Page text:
On Monday I finished a 6000 word paper on shame. I’ll be presenting this at a conference called ‘When Woman Speak’ in Melbourne on 15th-18th August. Obviously, it’s a huge honour, as well as being vaguely terrifying! In it, I decided to focus on how to find healing from shame. However, following England’s first ever successful penalty shoot-out in a football cup competition, I may have to slightly re-work my conclusion.
For some time now, I’ve come to think of my shame as a stone. A huge rock that when I’ve stepped out in courage and vulnerability has come crashing down, threatening to crush me entirely. I picture it having fallen on me as if I were a healthy and verdant plant, with a stone now lodged at it’s core. Because it didn’t kill me, or completely destroy me. In fact, over the years, I’ve grown to accommodate the stone and have continued to flourish and put out new shoots in spite of it. Yet there are moments when the pain, disappointment and rejection that the stone represents gets triggered all over again, and I’m re-shamed or right back in, what Jill McNish calls, “the godless vortex.” (Transforming Shame: A Pastoral Response, p.143)
So, as I embarked on my paper and, at the same time, found myself back in that wasteland of hopelessness and desolation, I told God I could not live with the stone anymore and I needed to find a way to be rid of it once and for all. One of the ways I thought this might be possible, was to reframe the story I tell myself in order to make sense of the shame I’ve experienced. But, I guess I’ve always struggled with this idea because it seems a bit forced or artificial. I concluded, therefore, that maybe what I needed was some profound divine encounter to heal me from shame. I have a good friend who has written a wonderful and encouraging testimony of how God has done just that! I’m totally thrilled for her and can see the amazing transformation that has been brought about as a result of God’s healing. However, that is her story and not mine.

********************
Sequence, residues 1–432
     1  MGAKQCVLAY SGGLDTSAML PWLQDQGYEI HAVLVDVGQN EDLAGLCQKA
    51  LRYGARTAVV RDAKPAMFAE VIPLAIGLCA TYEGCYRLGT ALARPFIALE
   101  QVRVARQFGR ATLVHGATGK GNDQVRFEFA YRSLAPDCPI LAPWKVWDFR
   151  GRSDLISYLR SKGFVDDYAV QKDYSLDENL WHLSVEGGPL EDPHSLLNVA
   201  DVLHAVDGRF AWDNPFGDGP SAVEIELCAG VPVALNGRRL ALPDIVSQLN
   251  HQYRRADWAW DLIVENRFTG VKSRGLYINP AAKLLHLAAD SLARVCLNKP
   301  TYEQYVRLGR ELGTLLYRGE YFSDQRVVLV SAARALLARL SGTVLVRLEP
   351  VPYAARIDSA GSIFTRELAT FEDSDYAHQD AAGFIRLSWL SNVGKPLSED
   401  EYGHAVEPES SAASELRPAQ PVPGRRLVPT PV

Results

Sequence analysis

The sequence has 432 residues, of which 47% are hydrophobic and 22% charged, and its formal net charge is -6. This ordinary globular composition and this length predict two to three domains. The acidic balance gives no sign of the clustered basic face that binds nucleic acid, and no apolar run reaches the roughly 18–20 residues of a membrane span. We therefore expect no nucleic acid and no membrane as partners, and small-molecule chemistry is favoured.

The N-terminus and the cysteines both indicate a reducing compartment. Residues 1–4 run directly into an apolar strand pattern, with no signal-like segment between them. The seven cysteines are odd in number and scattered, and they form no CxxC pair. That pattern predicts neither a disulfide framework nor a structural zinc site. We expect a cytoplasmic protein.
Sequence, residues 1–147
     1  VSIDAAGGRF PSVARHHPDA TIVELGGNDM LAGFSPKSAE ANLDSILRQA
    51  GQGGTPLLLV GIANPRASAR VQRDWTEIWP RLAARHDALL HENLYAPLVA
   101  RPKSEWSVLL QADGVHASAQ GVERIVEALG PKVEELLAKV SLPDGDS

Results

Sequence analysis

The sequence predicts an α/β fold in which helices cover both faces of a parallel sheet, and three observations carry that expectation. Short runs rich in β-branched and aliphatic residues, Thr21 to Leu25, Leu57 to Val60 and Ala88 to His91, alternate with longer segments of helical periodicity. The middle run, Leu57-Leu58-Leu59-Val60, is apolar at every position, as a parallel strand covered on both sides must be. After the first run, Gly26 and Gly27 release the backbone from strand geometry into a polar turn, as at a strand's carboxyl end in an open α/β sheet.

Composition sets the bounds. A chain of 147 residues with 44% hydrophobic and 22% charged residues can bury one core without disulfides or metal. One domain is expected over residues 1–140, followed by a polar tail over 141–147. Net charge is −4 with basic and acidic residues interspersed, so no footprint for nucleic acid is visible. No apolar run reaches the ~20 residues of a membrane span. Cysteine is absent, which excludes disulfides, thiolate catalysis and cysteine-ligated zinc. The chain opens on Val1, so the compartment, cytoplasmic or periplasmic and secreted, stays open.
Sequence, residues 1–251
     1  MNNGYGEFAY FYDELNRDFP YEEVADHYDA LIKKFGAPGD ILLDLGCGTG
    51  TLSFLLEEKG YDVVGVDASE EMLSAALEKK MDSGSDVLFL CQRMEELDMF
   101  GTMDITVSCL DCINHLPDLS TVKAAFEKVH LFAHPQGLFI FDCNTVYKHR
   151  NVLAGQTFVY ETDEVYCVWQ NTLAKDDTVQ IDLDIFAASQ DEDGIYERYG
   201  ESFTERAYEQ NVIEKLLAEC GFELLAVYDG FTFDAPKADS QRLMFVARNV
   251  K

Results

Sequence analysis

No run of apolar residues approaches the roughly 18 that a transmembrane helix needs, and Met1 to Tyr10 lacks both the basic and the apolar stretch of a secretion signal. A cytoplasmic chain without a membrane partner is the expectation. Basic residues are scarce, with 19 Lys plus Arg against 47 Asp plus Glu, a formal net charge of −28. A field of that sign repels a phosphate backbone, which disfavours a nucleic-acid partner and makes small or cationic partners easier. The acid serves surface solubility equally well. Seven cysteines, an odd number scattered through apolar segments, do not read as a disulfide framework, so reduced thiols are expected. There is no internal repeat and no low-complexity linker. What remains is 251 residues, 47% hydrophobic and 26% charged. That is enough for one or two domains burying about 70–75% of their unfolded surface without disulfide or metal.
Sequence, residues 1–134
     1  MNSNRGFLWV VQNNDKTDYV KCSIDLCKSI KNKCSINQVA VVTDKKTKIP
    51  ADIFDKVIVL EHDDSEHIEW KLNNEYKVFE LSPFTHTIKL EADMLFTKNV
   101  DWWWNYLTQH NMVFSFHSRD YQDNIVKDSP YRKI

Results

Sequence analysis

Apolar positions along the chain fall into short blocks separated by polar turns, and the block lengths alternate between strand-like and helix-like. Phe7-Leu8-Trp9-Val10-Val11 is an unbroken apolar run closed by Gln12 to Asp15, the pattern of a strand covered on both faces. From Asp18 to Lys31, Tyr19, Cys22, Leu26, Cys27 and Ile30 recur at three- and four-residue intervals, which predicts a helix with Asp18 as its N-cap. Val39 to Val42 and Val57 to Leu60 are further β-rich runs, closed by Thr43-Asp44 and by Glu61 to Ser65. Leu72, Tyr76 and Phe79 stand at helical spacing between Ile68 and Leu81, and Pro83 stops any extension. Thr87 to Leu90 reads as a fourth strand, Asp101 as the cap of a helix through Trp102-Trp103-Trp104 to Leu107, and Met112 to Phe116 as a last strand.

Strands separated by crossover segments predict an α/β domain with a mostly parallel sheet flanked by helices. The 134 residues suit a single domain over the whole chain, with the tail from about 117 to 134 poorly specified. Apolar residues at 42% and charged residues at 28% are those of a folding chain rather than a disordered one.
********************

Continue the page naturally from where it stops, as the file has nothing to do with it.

Then, I thought, well maybe this reframing of my story just happens naturally over time. I’ve observed how already when I recount previous life events what I include and leave out changes. Some things no longer seem relevant at all and other incidents take on new meaning given the unexpected or surprising twists our life journeys take. When, on Tuesday, I was presented with a modern day parable.
The England football team, managed by Gareth Southgate, who’d failed to score the penalty that knocked England out of Euro ’96, were once again confronted with their nemesis – the dreaded penalty shoot out. In the weeks leading up to the game, there has not been a press interview or article that has not reminded us of past failure and disappointment. And actually, in that moment, as Harry Kane stepped up to take the first spot kick after extra time, I wondered if perhaps we had to hold our nerve, face our collective fear and come out the other side having finally broken the ‘hoodoo’. A nation held it’s breath, and we came through victorious! But what I found remarkable, was not only that due to his previous experience Gareth Southgate was able to show such empathy to the young Columbian player who missed his penalty, but that he’d said to his players, “you do not have to be defined by the past, we write our own stories.”
Rather, then, than expecting the stone to be removed, I think I will decorate it and turn it into a thing of beauty. For, maybe, I need to accept that shame will always be a part of my story. But by acknowledging it and redeeming it, I believe I can now move beyond it into a brighter and braver future.